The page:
Knapsack Voting

Participatory budgeting (PB), where residents of a community have a direct say in how a portion of public funds are spent, has become an increasingly popular method for promoting democratic decision-making. The question then arises: what is the best way to allow individuals to express their preferences for various projects? One of the most common ways is through approval voting, where voters either "approve" or "disapprove" each project on the ballot. In this article, we explore another voting method called knapsack voting and discuss its advantages over traditional voting methods.

What is knapsack voting?

A typical knapsack voting ballot (shown below) displays how much money the voter has left. As they vote for a project, the available budget decreases. They can choose as many projects as their budget permits. Knapsack voting provides a more intuitive way for voters to weigh projects against their cost, paralleling the decisions a policymaker would make.

Screenshot of a knapsack voting ballot

Knapsack voting is inspired by the computer science problem known as the knapsack problem. Imagine you have a backpack (or knapsack) and a variety of items with different weights and values. The goal is to maximize the value of items you can fit into the backpack without exceeding its weight capacity.

In the context of participatory budgeting, each project has a cost (weight) and each voter has a personal value for that project. Voters have a "budget" (akin to the knapsack's weight capacity) and they "spend" their budget on projects they support. The goal is to fund the projects that maximize the collective value for the community, without exceeding the total available funds.

How to tally votes

Once voting is complete, the votes are aggregated to determine the final result. One way to aggregate the votes is to use the knapsack aggregation (also known as the social welfare-maximizing method in some literature). In this method, each dollar in a project is viewed as an individual candidate. For instance, if a project costs $10, it is seen as having 10 candidates. When a voter allocates, say, $3 to this project, it is considered a vote for its first 3 candidates. The candidates receiving the most votes are selected in decreasing order until the budget is exhausted.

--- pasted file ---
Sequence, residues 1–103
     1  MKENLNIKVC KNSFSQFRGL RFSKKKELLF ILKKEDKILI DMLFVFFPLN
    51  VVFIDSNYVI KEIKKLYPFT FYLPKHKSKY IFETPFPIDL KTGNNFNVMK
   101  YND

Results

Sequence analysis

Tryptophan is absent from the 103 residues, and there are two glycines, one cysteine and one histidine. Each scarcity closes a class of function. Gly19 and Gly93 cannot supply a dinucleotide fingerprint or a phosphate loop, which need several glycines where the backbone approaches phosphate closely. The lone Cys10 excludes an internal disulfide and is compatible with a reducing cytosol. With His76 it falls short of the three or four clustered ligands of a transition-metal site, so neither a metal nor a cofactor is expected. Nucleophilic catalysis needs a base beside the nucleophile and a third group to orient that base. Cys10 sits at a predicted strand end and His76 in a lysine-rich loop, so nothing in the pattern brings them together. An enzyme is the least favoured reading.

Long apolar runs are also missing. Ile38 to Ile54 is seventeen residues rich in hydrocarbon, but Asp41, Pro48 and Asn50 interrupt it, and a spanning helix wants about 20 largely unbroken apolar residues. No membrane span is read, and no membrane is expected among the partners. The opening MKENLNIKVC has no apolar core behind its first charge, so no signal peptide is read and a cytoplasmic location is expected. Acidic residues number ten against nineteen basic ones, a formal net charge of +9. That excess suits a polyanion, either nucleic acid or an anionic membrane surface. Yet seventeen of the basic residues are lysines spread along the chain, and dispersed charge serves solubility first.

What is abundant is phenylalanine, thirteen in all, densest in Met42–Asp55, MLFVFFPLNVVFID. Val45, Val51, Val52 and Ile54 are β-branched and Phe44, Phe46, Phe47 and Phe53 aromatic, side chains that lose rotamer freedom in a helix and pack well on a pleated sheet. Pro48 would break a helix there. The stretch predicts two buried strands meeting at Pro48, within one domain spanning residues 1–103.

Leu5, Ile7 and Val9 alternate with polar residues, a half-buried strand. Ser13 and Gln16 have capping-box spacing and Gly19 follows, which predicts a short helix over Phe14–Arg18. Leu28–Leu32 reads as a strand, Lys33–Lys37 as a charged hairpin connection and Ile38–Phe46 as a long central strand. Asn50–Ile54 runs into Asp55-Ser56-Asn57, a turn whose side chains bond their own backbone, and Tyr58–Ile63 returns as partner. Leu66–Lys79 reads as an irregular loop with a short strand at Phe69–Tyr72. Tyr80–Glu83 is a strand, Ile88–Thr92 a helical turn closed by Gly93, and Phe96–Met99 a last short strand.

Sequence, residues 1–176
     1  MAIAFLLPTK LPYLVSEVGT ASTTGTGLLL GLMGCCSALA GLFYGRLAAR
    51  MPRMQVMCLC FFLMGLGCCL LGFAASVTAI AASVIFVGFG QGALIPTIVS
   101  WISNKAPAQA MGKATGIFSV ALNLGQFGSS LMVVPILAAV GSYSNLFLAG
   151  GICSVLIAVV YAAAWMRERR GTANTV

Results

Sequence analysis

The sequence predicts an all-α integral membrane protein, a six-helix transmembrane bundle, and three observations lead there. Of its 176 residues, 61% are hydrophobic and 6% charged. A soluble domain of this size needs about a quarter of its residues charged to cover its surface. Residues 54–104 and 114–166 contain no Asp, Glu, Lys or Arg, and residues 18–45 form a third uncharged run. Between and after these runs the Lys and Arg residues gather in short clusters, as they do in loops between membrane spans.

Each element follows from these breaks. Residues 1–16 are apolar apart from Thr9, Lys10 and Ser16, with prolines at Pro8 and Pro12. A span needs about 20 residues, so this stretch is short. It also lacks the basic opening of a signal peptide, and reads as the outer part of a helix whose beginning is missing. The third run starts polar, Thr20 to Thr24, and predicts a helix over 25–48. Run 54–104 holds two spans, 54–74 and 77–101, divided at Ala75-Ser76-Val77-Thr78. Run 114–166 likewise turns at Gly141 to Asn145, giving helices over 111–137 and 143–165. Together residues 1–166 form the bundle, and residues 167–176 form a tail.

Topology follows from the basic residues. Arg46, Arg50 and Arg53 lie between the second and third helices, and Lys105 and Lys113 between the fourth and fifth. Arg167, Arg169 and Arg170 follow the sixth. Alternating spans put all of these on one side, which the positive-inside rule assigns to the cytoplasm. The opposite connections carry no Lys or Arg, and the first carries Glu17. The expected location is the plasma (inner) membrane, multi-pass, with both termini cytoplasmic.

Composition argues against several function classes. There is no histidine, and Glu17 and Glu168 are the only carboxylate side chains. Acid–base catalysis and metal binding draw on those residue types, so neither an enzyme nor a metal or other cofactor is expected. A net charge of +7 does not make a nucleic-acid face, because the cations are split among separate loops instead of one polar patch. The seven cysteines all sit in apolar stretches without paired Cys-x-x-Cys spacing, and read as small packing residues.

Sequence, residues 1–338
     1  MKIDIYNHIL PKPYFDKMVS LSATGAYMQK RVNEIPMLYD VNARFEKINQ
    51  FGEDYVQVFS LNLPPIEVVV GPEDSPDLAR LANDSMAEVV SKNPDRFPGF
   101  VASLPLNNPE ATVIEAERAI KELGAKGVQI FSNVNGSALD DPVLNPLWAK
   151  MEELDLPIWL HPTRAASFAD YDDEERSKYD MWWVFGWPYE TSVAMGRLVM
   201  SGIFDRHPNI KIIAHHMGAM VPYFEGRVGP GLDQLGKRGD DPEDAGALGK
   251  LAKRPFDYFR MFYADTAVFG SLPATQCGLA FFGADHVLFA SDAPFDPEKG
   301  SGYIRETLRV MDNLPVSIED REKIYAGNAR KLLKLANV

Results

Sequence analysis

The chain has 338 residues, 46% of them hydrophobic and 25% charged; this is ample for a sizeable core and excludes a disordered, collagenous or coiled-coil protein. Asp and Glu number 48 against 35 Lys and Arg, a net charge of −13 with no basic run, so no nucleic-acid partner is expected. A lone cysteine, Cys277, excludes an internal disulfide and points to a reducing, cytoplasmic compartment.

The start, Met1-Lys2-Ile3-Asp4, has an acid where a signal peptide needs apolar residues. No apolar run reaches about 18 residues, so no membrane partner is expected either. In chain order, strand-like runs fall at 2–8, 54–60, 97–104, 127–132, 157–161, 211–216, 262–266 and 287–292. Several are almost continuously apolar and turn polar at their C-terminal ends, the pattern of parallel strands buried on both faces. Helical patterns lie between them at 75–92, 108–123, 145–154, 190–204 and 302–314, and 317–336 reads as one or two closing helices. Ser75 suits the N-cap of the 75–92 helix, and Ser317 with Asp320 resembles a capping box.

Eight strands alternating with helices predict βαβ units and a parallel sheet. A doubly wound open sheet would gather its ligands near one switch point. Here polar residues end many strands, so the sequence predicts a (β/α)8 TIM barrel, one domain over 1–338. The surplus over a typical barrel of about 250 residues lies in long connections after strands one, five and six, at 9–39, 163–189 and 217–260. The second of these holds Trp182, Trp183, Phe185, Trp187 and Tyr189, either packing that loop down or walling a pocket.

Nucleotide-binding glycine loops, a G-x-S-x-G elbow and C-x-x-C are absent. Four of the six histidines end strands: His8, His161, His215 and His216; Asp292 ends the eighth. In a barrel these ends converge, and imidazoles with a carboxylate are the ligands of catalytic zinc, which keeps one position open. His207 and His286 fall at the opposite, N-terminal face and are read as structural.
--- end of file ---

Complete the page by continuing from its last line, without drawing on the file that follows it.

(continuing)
For example, suppose that in a participatory budgeting, the budget is $10, there are 3 projects on the ballot, and there are 3 voters. They vote as follows:

Voter 1 Voter 2 Voter 3
Library $4 $3 $0
Sports Center $5 $5 $0
Art Museum $1 $2 $10

We will tally the votes one by one.

Voter 1 allocates ($4, $5, $1) to (Library, Sports Center, Art Museum).

Votes per dollar
Library 1111000000
Sports Center 1111100000
Art Museum 1000000000

Voter 2 allocates ($3, $5, $2) to (Library, Sports Center, Art Museum).

Votes per dollar
Library 2221000000
Sports Center 2222200000
Art Museum 2100000000

Voter 3 allocates ($0, $0, $10) to (Library, Sports Center, Art Museum).

Votes per dollar
Library 2221000000
Sports Center 2222200000
Art Museum 3211111111

If we select the dollars that receive at least two votes (shown in green below), we get exactly $10, which exhausts the budget. Thus, the knapsack aggregation for this PB allots $3 to the Library project, $5 to the Sports Center project, and $2 to the Art Museum project.

Votes per dollar
Library 2221000000
Sports Center 2222200000
Art Museum 3211111111

Why knapsack voting?

Knapsack voting offers two significant advantages over approval voting: expressiveness and strategy-proofness.


Knapsack voting with knapsack aggregation provides a more intuitive way for voters to weigh projects against their costs. They make the same choice as a policy maker would. With approval voting, cities often limit the number of projects voters can select. Without such limits, a ballot approving all projects would render the same outcome as a null vote. This artificial constraint can force voters to make challenging choices, potentially favoring projects that are more expensive and might not reflect their true preferences


Strategy-proofness means that it is in the best interest of each voter to vote according to their true preference. To see what this means, consider another aggregation method called mean aggregation where we simply find the average of the votes for each project. In the example above, the mean aggregation would allot (4 + 3 + 0) / 3 = $2.33 to the Library project, (5 + 5 + 0) / 3 = $3.33 to the Sports Center project, and (1 + 2 + 10) / 3 = $4.33 to the Art Museum project. Suppose that in another PB, there are two projects on the ballot. A voter likes both projects equally and would like to vote ($5, $5). The voter hears from a poll that Project 1 is much more popular than Project 2, and that almost everyone votes ($10, $0). What should this voter do? It is in their best interest to vote ($0, $10) to "balance the scale", so that the final result gets closer to ($5, $5). Here we see a scenario where it is better for a voter to vote strategically rathen than voting according to their true preference.

In our paper, Knapsack Voting for Participatory Budgeting, we demonstrate that the knapsack voting and aggregation is strategy-proof. That is, it does not suffer from (individual) strategic voting.

Interactive knapsack aggregation

You can use the interactive widget below to try knapsack aggregation with different costs and numbers of projects and voters.

Budget: $10

Support on the platform

The Stanford Participatory Budgeting Platform supports knapsack voting alongside other voting methods. It can be enabled with just a few clicks.

Screenshot of the admin user interface for choosing voting methods.

If you would like to run a PB in your city or organization, please email us at

Further reading